keywords = "Aphthous stomatitis, Beh{\cc}et syndrome, Celiac disease, Pharyngitis, Therapy, Vitamin B12",
author = "Lorena Baccaglini and Rv Lalla and Aj Bruce and Jc Sartori-Valinotti and Mc Latortue and M. Carrozzo and Rs Rogers",
year = "2011",
month = "11",
day = "1",
doi = "10.1111/j.1601-0825.2011.01840.x",
language = "English (US)",
volume = "17",
pages = "755--770",
journal = "Oral Diseases",
issn = "1354-523X",
publisher = "Wiley-Blackwell",
number = "8",

}

TY - JOUR

T1 - Urban legends

T2 - Recurrent aphthous stomatitis

AU - Baccaglini, Lorena

AU - Lalla, Rv

AU - Bruce, Aj

AU - Sartori-Valinotti, Jc

AU - Latortue, Mc

AU - Carrozzo, M.

AU - Rogers, Rs

PY - 2011/11/1

Y1 - 2011/11/1

N2 - Recurrent aphthous stomatitis (RAS) is the most common idiopathic intraoral ulcerative disease in the USA. Aphthae typically occur in apparently healthy individuals, although an association with certain systemic diseases has been reported. Despite the unclear etiopathogenesis, new drug trials are continuously conducted in an attempt to reduce pain and dysfunction. We investigated four controversial topics: (1) Is complex aphthosis a mild form of Behçet's disease (BD)? (2) Is periodic fever, aphthous stomatitis, pharyngitis, and adenitis (PFAPA) syndrome a distinct medical entity? (3) Is RAS associated with other systemic diseases [e.g., celiac disease (CD) and B12 deficiency]? (4) Are there any new RAS treatments? Results from extensive literature searches, including a systematic review of RAS trials, suggested the following: (1) Complex aphthosis is not a mild form of BD in North America or Western Europe; (2) Diagnostic criteria for PFAPA have low specificity and the characteristics of the oral ulcers warrant further studies; (3) Oral ulcers may be associated with CD; however, these ulcers may not be RAS; RAS is rarely associated with B12 deficiency; nevertheless, B12 treatment may be beneficial, via mechanisms that warrant further study; (4) Thirty-three controlled trials published in the past 6years reported some effectiveness, although potential for bias was high.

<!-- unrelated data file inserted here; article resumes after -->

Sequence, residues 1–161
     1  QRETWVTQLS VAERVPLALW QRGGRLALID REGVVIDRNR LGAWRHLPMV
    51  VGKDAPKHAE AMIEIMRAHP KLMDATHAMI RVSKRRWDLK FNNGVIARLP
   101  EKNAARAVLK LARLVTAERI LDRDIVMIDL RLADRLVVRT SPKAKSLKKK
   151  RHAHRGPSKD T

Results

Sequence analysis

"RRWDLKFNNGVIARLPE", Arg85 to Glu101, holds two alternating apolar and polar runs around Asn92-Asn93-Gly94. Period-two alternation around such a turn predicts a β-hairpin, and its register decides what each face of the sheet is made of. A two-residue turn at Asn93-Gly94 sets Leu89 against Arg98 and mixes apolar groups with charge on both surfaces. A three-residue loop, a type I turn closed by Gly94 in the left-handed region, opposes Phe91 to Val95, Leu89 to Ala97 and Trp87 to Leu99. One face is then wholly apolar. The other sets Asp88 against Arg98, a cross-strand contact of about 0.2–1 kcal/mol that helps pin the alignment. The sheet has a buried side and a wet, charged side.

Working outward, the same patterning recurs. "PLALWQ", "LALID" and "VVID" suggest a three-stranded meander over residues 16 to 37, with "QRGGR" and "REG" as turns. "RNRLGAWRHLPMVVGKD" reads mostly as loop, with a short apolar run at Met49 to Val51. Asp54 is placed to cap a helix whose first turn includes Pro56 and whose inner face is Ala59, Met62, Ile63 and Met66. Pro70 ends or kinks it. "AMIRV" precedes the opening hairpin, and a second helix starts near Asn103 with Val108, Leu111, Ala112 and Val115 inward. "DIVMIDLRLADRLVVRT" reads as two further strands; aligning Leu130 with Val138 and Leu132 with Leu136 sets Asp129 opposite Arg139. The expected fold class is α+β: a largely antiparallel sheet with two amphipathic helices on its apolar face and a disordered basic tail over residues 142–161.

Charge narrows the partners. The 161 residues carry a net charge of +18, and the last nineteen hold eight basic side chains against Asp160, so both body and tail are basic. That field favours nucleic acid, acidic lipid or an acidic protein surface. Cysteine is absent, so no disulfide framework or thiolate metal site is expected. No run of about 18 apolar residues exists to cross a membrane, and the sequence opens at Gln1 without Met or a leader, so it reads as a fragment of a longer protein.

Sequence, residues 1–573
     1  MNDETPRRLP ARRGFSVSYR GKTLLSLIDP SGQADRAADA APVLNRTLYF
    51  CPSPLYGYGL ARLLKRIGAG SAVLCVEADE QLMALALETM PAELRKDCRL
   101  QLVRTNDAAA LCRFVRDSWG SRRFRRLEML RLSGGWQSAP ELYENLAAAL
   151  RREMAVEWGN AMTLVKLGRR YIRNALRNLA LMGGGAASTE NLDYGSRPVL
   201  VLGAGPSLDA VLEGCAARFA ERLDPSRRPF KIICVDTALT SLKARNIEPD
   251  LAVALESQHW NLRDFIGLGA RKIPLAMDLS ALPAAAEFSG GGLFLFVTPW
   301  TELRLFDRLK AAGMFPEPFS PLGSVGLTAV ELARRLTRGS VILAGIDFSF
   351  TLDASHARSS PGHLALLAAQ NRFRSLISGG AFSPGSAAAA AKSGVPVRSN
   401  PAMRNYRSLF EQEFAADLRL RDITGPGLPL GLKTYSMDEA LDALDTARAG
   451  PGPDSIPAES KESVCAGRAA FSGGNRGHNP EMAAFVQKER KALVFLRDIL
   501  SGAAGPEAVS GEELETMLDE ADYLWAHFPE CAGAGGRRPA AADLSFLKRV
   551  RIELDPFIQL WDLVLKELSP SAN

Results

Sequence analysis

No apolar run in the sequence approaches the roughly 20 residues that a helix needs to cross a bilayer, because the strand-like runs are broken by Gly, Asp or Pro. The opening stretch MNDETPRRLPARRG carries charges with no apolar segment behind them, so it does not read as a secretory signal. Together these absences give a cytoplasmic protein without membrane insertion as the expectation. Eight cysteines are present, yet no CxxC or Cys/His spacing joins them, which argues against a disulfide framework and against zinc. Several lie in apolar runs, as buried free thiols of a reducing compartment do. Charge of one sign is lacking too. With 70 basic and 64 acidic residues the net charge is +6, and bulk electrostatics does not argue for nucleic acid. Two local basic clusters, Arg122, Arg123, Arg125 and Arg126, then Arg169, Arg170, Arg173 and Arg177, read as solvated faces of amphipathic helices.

AB - Recurrent aphthous stomatitis (RAS) is the most common idiopathic intraoral ulcerative disease in the USA. Aphthae typically occur in apparently healthy individuals, although an association with certain systemic diseases has been reported. Despite the unclear etiopathogenesis, new drug trials are continuously conducted in an attempt to reduce pain and dysfunction. We investigated four controversial topics: (1) Is complex aphthosis a mild form of Behçet's disease (BD)? (2) Is periodic fever, aphthous stomatitis, pharyngitis, and adenitis (PFAPA) syndrome a distinct medical entity? (3) Is RAS associated with other systemic diseases [e.g., celiac disease (CD) and B12 deficiency]? (4) Are there any new RAS treatments? Results from extensive literature searches, including a systematic review of RAS trials, suggested the following: (1) Complex aphthosis is not a mild form of BD in North America or Western Europe; (2) Diagnostic criteria for PFAPA have low specificity and the characteristics of the oral ulcers warrant further studies; (3) Oral ulcers may be associated with CD; however, these ulcers may not be RAS; RAS is rarely associated with B12 deficiency; nevertheless, B12 treatment may be beneficial, via mechanisms that warrant further study; (4) Thirty-three controlled trials published in the past 6years reported some effectiveness, although potential for bias was high.

KW - Aphthous stomatitis

KW - Behçet syndrome

KW - Celiac disease

KW - Pharyngitis

KW - Therapy

KW - Vitamin B12

UR - http://www.scopus.com/inward/record.url?scp=80054080447&partnerID=8YFLogxK

UR - http://www.scopus.com/inward/citedby.url?scp=80054080447&partnerID=8YFLogxK

U2 - 10.1111/j.1601-0825.2011.01840.x

DO - 10.1111/j.1601-0825.2011.01840.x

M3 - Article

VL - 17

SP - 755

EP - 770

JO - Oral Diseases

JF - Oral Diseases

SN - 1354-523X

IS - 8

ER -